4. Lie back down and repeat.

Tuck your feet under something to better stabilize yourself while you do the exercise.


  • Don’t allow the bar to move from the starting position throughout the exercise. Although, you may need to move it back a little toward your head to keep it balanced.
  • Use your abs to lift your torso off the ground and don’t try to compensate by bending your arms to help.

8. Barbell leg raise

Ok, so this awesome variation actually allows you to emphasize the lower ab muscles. Leg raise variations are some of the best you can do to target this region. 

To do it

  1. Lie on your back and hold the barbell over your chest as if you were doing a bench press while keeping your arms fully extended.
  2. With your legs bent or straight, lift them to the bar and lower them back down. Don’t allow your legs to rest on the floor.
  3. Repeat this and make sure to keep your core tight during the movement. 


  • Keep the barbell in one position throughout the entire exercise.
  • You can bend your knees if you can’t keep them straight. 
  • Lift your legs as far back as you can. Don’t worry if you can’t bring them to the bar.

9. Suitcase deadlift

The suitcase deadlift is a beastly exercise that works your legs and back muscles. But it’s also hugely beneficial for lateral strength and stability because you must maintain neutral positioning during the exercise.

Too often we focus only on anterior and posterior core movements which are definitely necessary. But if we don’t have all-around core stability which includes laterally as well, we experience energy leaks. As a result, the trunk cannot support certain movements due to a weak link which is a lack of lateral control.

So, the suitcase deadlift is a perfect remedy…

To do it

  1. Stand next to the loaded barbell as if you were going to pick it up like a suitcase. 
  2. Bend your hips and knees and grip the barbell in the dead center.
  3. Keep your upper legs and butt higher than your knees and maintain a straight back with a rigid core. 
  4. Look forward and drive through your midfoot/heel to lift the weight off the floor and don’t allow the weight to bend your torso to the side. Make sure your shoulders are as level as possible the entire time.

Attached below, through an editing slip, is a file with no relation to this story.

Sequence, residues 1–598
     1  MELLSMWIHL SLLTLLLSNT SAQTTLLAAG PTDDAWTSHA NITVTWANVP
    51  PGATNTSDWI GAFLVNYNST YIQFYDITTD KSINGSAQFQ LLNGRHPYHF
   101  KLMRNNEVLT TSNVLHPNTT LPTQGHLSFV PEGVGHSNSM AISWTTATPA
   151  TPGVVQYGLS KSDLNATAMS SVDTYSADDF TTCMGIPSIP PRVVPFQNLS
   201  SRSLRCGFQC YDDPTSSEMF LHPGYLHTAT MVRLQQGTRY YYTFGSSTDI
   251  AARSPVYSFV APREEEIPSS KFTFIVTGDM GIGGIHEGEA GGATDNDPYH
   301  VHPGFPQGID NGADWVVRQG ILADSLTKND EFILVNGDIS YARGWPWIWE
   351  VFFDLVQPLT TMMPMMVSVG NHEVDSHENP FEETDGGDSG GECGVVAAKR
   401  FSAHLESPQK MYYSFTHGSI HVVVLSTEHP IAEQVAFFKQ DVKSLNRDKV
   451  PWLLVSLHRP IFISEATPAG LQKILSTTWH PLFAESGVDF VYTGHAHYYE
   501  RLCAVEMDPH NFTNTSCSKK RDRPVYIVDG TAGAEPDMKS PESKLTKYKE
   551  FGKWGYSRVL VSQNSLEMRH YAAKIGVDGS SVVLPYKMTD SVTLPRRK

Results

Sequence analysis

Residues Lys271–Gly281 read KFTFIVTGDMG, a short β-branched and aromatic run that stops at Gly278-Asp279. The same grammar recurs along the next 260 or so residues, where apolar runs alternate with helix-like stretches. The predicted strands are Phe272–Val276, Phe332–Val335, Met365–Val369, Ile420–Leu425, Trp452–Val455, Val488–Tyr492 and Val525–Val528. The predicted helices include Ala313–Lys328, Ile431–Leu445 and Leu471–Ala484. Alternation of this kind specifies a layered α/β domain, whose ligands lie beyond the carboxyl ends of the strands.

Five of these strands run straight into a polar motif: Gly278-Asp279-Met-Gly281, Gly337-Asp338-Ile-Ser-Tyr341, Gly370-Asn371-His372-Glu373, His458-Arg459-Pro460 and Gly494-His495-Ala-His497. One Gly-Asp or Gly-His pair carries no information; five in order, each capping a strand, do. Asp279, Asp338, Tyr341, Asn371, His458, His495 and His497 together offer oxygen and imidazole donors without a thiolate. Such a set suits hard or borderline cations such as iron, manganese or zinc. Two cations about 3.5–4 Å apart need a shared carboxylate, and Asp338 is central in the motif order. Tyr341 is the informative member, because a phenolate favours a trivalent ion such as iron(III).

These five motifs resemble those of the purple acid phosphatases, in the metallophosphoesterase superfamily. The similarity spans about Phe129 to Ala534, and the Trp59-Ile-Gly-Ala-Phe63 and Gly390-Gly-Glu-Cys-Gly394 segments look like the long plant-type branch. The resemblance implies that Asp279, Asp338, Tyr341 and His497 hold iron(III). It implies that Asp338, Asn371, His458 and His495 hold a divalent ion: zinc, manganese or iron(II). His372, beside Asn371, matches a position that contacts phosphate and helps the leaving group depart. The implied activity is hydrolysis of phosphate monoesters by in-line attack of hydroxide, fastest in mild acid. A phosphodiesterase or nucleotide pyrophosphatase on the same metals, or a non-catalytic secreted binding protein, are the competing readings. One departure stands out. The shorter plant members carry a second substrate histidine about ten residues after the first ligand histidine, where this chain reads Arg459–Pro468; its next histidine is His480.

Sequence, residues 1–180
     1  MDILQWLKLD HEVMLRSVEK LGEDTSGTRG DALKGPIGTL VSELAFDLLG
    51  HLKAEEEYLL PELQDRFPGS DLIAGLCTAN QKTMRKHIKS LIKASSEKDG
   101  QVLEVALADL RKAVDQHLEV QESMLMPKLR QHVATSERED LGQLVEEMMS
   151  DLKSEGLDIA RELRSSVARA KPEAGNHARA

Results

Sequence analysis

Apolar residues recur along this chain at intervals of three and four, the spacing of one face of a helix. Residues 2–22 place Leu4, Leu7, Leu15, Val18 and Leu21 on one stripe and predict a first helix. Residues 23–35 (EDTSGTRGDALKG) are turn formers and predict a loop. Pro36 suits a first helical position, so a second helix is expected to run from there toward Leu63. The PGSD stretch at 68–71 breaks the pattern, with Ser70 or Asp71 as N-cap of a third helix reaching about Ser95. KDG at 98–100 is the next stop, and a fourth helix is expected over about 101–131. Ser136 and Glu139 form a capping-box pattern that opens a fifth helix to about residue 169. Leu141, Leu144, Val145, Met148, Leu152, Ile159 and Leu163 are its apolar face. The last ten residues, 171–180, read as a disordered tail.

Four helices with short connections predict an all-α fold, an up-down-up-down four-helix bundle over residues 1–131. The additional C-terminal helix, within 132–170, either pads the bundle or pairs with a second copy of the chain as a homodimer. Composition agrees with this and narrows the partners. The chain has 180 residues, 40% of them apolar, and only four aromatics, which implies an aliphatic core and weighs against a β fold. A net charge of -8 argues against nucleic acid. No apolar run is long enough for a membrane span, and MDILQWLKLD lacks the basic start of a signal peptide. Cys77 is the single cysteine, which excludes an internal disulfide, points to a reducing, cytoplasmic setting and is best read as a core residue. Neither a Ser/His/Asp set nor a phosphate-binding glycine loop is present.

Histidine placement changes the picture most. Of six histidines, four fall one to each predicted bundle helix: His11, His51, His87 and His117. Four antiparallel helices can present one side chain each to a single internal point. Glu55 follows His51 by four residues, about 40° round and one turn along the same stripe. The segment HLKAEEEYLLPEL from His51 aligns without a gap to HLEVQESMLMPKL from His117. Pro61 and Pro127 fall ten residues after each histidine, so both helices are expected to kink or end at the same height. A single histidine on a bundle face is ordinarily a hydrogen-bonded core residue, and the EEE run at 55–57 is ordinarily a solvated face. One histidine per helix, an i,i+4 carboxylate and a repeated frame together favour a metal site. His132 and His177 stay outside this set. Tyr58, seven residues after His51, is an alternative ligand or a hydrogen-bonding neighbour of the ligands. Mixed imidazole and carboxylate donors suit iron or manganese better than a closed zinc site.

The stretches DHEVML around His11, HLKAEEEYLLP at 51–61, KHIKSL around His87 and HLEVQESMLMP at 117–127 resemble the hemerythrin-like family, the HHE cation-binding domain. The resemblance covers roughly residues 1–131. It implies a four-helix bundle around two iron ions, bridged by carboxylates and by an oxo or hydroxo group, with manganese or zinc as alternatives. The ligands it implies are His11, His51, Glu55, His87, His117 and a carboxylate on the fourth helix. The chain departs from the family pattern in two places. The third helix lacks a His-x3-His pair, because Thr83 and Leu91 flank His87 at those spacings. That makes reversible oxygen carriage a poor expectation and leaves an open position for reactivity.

5. When the bar reaches mid-thigh, hinge your hips forward to finish into a standing position. 
  6. Lower your hips and bend your knees to bring the weight back down so it touches the floor then repeat. 


  • If the bar is unbalanced, stop and reset your grip. You should grab the center of the barbell. 
  • Focus on keeping your shoulders level which will ensure you’re doing the exercise correctly. 
  • Use a mirror if you can to make sure you’re not bending to one side.

10. Sitting landmine Russian twist

Alright so for the last barbell exercise for abs, we’ll do the landmine Russian twist whole sitting on the floor. It’ll work the oblique muscles really well and is a neat alternative to use a free weight or medicine ball. 

To do it:

  1. Sit on the floor and grip the end of the barbell by your upper chest or clavicle and hold it there.
  2. Bring the barbell down to one side and stop when the bar is level with your lower chest. You can bend your arms slightly. 
  3. Bring the bar back to the center and repeat on the other side. 


  • Don’t bring the end of the bar too far down as this can place a lot of stress on the lower back due to the fixed position of the exercise. Down to mid-lower chest level is sufficient.
  • Feel free to bend your arms slightly and if using a heavier weight.

Frequently Asked Questions

Wrapping Up

You really don’t need any other barbell exercises for abs then the ones that have made our list. They’re effective but shouldn’t be too difficult for most people to do. Although, you’ll ultimately have to choose which ones work best for your experience level. 

The added weight from the barbell makes these exercise great muscle and strength builders but you’re also improving stability, balance, and overall function. So now that you have several great ideas, it’s time to try them out!